Mumbai: With white-collar crime almost doubling from last year, financial fraud by insiders remains the single greatest fear of Indian companies, according to the results of a survey by audit and consulting firm KPMG. The results were released on Tuesday.
Of the 1,000 companies covered in the survey, 87% said they had incurred losses of at least Rs10 lakh due to fraud in 2009.
The previous survey, carried out in 2008, had only 47% complaining on this count. At least 75% of Indian firms said instances of fraud had increased over the past two years.
Also See Perception of Fraud in India (Graphic)
A lack of objective and independent internal audits, inadequate oversight of senior management’s activities by the audit committee, and weak regulatory environment were pinpointed as culprits for the spike in financial statement frauds.
The 10th biennial India Fraud Survey Report 2010 reveals that 81% of the companies surveyed feel that financial statement fraud is the biggest threat in India, with at least 60% of them saying inadequate enforcement of regulations has increased such fraud.
The findings of the report suggest that weak internal control systems, eroding ethical values and lack of legal action against fraudsters create an environment conducive to such crimes.
The survey, conducted by KPMG’s forensic wing in India, covered leading Indian firms from the public and private sectors. The respondents included chairman and managing directors, chief operating officers, chief financial officers, internal auditors, heads of investigation divisions and other senior management officials.
Indian companies, according to the study, remain highly vulnerable to fraud in the absence of “inadequate internal control framework” that can identify and deal with such crimes. The report suggests that 41% of Indian firms do not have fraud risk management systems.
The KPMG report shows that 45% of the firms have experienced fraudulent activities in the past two years, with financial services and consumer markets showing the highest levels of risk.
But more than the lack of monitoring systems, what is prevalent and disturbing is the reluctance of companies to report incidence of frauds. According to the survey, only 35% of the companies initiated legal action against a perpetrator of fraud. A majority of the frauds had been investigated internally.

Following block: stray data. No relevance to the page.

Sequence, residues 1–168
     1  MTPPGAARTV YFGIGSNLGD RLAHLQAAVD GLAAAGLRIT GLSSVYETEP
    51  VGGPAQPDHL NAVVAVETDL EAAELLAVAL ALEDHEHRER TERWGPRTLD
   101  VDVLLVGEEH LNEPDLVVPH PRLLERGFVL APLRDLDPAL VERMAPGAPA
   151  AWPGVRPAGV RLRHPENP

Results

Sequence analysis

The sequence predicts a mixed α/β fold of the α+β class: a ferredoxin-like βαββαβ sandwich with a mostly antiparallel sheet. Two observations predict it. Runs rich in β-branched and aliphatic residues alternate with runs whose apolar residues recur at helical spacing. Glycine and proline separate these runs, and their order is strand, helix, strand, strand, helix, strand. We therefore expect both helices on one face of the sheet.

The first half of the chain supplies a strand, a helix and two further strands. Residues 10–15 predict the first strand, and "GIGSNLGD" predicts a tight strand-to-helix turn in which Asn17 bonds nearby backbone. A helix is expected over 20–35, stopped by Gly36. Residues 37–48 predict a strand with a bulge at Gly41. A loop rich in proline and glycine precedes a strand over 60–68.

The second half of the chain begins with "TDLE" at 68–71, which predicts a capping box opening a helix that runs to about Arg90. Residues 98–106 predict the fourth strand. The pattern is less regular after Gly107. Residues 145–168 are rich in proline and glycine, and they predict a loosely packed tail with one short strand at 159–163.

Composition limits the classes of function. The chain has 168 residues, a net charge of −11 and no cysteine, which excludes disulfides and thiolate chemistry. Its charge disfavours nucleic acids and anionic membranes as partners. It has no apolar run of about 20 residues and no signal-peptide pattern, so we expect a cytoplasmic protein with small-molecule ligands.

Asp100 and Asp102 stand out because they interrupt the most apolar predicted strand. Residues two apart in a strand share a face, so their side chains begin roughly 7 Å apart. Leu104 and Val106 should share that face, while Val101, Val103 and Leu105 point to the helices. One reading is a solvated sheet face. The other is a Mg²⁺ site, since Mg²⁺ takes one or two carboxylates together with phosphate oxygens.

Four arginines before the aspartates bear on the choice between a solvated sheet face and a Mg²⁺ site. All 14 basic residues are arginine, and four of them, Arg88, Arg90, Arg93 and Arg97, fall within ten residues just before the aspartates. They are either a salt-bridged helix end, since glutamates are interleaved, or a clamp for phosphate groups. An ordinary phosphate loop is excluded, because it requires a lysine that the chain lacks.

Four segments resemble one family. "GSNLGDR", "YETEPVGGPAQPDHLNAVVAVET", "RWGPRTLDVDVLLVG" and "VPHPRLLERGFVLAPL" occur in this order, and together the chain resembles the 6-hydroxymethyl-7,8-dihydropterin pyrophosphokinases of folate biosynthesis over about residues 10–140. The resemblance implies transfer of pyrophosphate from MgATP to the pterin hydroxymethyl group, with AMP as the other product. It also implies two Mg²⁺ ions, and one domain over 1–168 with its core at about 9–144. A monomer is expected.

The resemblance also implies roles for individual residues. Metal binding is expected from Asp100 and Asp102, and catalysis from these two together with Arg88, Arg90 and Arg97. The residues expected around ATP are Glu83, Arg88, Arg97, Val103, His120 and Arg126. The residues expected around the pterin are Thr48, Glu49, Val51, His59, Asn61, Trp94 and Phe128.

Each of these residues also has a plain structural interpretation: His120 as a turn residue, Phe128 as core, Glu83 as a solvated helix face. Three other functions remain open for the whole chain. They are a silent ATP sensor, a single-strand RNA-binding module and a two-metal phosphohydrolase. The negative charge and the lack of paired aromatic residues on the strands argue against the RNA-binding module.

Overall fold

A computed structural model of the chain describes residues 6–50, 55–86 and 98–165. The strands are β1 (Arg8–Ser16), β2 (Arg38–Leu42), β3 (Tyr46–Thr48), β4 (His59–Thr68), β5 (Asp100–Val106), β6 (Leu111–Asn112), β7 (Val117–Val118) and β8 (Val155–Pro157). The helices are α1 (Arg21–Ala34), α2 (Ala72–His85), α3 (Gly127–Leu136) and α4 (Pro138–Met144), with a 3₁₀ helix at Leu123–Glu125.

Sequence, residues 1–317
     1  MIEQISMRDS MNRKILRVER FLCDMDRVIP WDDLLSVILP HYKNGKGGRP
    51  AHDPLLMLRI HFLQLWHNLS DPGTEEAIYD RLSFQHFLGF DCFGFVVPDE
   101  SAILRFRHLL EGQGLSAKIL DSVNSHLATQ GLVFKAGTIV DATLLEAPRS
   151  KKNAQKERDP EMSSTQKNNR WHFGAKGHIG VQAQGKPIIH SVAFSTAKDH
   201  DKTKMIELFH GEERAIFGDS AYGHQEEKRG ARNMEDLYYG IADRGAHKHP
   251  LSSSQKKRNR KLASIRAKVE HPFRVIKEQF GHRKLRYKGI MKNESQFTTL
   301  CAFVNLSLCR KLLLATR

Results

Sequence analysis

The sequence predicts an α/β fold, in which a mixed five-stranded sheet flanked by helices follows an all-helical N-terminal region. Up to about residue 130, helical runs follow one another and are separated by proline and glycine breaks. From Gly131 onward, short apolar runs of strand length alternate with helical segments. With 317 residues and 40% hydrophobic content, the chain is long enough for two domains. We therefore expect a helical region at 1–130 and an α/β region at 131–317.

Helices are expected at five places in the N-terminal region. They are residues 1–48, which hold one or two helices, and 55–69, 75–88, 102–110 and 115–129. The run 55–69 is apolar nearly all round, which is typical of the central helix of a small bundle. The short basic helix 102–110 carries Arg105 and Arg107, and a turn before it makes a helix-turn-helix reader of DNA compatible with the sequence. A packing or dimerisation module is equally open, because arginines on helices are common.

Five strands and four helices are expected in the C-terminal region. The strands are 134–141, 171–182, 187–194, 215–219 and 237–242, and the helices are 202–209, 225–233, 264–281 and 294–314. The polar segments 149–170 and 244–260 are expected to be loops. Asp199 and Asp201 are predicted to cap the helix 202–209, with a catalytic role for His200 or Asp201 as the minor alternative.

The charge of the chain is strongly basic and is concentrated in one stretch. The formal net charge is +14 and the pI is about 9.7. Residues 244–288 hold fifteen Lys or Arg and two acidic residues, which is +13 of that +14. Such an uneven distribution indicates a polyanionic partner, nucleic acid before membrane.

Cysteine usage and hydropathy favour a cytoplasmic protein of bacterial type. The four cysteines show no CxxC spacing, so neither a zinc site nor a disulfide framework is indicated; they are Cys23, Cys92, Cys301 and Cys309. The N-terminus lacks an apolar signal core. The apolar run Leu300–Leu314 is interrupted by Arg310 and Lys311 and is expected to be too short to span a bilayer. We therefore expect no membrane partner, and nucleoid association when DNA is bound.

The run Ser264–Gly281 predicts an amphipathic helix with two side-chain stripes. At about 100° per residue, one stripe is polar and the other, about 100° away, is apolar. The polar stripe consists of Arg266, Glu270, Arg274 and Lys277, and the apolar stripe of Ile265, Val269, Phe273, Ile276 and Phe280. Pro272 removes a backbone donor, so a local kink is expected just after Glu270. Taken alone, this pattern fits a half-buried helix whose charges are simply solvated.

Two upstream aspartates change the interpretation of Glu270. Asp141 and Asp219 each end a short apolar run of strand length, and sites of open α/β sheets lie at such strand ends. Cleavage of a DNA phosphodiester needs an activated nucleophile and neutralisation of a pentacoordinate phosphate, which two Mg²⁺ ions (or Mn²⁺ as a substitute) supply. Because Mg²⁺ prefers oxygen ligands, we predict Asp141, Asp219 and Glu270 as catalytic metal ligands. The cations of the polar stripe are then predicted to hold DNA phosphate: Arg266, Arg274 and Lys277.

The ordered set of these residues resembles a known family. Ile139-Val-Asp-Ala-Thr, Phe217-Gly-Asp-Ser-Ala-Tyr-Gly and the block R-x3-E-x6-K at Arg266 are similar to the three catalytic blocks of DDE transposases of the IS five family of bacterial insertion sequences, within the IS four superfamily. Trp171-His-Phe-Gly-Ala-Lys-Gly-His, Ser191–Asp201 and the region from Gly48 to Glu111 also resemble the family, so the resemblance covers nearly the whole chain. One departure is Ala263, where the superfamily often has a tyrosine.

That, however, may be changing. Deepankar Sanwalka, head (forensic services), KPMG, said that following the scam at Satyam Computer Services Ltd, in which founder and chairman B. Ramalinga Raju admitted to showing non-existent income over the years of Rs7,136 crore, the trend in fraud detection has changed.
“Companies are more open to discuss and take action against fraudsters. Increasingly, fraud risk mitigation mechanism are being discussed in management meetings,” he said.
The frauds covered in the survey include anti-corruption compliance. Almost 42% of the companies strongly believed bribery is acceptable behaviour in India while 38% said it is an “integral feature of the practices in their industry”.
According to the World Bank, bribes paid annually amount to more than $1 trillion (Rs44.5 trillion) globally.
India scores poorly on corruption and bribe payments in the list of organizations such as Transparency International, which ranks countries based on corruption and propensity to demand bribes.
India’s corruption perception index score in 2009 was 3.4 on a scale of 0-10, with 10 being the least corrupt.
In 2008, it was one of the bottom four on the global bribe payers index, with a score of 6.8.
The way to a cleaner balance sheet, however, may be harder than expected. As Rohit Mahajan, executive director (advisory), forensic services, KPMG, told Mint, “Indian firms lack (a) holistic approach to frauds. Focusing on financial fraud will not help control white-collar crimes.”
Graphic by Ahmed Raza Khan/Mint